Main illustration: Franco Zacharzewski
From premature optimization to over-engineering solutions for your product, it’s easy to get caught up in making technology decisions that slow you down instead of speeding you up.
So when it comes to building your technical strategy, you need to assess each component in relation to what success will look like for your business.
This post is an adaptation of a talk I recently gave at the Amazon Web Services (AWS) community day event in Dublin about the technical strategies I’ve experienced that don’t work and the ones that have helped us to grow and scale at Intercom.
Many of these approaches are intended as reasonable defaults; they are my opinions, they aren’t rules, and they certainly won’t fit every situation.
They’re based on my experiences working in technology, the practical application of methods in varied use cases, and speaking with peers about their strategies and successes. Although they may seem like strong opinions, many of these tips echo the main tenets of software engineering: work with you’ve got, design solutions as needed, don’t repeat yourself, and keep it simple, stupid!
The top ten technical strategies to avoid
1. Multi-cloud architectures
If you’ve been paying attention to any loud marketing efforts over the last few years, you have definitely heard about multi-cloud. If you’re unfamiliar with the term “multi-cloud,” it means deploying your application to a heterogeneous cloud-based platform spread across multiple cloud providers.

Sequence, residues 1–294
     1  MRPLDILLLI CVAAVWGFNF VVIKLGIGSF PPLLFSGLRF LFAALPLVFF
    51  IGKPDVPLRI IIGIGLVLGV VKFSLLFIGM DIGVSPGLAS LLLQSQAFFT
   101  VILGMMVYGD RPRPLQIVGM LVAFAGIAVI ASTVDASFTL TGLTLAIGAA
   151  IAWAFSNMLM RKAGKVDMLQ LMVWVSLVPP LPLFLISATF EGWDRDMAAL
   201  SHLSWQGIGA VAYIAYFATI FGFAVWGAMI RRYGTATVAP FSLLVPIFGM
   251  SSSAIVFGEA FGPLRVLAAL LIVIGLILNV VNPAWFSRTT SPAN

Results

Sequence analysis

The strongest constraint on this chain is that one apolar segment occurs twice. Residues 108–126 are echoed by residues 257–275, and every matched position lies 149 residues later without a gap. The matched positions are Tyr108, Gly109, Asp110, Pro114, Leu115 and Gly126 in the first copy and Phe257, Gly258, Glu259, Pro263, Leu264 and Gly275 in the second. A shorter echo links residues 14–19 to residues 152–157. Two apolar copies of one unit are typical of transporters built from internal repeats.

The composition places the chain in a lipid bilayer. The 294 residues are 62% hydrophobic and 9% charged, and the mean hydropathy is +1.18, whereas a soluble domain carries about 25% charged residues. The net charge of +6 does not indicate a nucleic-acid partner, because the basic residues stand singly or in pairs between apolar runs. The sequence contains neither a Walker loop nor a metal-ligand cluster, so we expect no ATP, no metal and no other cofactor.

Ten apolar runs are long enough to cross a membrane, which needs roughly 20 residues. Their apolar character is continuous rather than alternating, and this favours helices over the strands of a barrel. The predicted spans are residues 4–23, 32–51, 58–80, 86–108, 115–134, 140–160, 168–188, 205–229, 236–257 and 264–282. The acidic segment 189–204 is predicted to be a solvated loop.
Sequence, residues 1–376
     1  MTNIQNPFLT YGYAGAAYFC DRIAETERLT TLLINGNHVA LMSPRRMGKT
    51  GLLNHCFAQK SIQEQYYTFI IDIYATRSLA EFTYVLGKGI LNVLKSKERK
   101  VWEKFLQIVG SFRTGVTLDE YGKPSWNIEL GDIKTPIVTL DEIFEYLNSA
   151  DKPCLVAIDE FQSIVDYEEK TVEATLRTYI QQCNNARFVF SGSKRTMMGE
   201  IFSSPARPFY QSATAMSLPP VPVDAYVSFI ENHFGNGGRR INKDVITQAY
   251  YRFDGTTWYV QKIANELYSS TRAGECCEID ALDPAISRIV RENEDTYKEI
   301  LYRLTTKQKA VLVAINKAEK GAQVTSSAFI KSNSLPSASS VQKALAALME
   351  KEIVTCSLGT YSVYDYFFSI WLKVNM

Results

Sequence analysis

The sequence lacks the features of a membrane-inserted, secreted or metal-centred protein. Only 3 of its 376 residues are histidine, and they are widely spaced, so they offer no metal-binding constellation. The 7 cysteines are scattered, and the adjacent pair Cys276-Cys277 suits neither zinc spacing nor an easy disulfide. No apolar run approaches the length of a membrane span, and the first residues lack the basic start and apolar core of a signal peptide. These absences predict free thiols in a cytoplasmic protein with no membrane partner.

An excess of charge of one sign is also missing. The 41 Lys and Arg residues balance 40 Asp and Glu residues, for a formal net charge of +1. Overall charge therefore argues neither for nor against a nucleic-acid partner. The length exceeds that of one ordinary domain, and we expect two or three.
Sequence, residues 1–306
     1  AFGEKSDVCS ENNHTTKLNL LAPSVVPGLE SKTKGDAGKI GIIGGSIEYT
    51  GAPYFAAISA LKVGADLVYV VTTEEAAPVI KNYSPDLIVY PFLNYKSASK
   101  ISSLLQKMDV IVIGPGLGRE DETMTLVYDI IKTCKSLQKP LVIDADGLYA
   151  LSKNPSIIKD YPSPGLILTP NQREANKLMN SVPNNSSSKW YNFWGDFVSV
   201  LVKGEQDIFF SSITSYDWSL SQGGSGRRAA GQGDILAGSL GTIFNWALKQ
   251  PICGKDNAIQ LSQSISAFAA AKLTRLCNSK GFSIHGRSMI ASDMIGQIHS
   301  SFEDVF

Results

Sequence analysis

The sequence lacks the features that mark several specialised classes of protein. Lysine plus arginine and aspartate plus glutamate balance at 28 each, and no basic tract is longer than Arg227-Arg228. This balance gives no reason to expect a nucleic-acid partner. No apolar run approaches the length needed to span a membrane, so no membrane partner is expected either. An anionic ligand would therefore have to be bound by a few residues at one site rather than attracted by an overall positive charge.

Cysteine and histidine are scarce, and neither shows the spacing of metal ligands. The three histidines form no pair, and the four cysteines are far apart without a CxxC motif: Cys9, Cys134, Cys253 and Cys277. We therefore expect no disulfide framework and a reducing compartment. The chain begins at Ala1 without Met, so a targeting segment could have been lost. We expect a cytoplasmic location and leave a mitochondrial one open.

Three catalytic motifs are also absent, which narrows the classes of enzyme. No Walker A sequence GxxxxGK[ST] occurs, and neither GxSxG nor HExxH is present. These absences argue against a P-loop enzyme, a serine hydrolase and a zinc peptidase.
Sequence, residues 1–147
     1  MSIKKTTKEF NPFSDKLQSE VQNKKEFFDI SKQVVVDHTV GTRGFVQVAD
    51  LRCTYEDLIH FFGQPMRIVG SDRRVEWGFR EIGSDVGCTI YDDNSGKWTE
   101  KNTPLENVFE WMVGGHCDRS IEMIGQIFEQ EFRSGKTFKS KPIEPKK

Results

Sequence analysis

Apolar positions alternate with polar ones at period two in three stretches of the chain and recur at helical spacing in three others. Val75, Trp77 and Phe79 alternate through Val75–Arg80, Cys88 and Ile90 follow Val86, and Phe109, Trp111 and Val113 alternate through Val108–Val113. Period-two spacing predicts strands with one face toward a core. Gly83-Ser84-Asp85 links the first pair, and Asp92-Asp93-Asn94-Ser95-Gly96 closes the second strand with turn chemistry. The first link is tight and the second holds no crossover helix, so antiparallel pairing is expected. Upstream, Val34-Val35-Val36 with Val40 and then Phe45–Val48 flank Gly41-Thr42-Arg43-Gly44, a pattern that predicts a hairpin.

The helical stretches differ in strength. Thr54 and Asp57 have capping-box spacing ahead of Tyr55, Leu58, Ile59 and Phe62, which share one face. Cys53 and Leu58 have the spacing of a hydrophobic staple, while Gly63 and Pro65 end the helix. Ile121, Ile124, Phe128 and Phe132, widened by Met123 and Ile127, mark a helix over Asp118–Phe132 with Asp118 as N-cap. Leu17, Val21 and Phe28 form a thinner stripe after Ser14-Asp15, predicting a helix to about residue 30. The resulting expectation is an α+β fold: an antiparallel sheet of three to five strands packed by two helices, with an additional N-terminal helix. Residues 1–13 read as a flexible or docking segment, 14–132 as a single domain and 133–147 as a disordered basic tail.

While that doesn’t sound very bad, according to Corey Quinn, the world’s most notorious Cloud Economist, it goes against best practices or “sensible defaults” and is “the worst practice to be avoided by default.” Corey works with his customers on reducing their AWS bills, and he’s seen large numbers of cloud architectures in practice, so I think he’s a pretty good source on this.
Even thinking about implementing a multi-cloud architecture is prematurely optimizing for practically all businesses – especially startups – and not a trap you want to fall into. Your company probably has enough problems worth solving that are far more valuable than any of the mythical benefits of multi-cloud deployment.
A common misconception is that a multi-cloud strategy will help you avoid vendor lock-in, but this is mostly an illusion stemming from vague future business needs. It can also be a drain on resources, as abstracting away the value of any particular cloud provider is time-consuming and will hinder your ability to leverage the cloud for your business.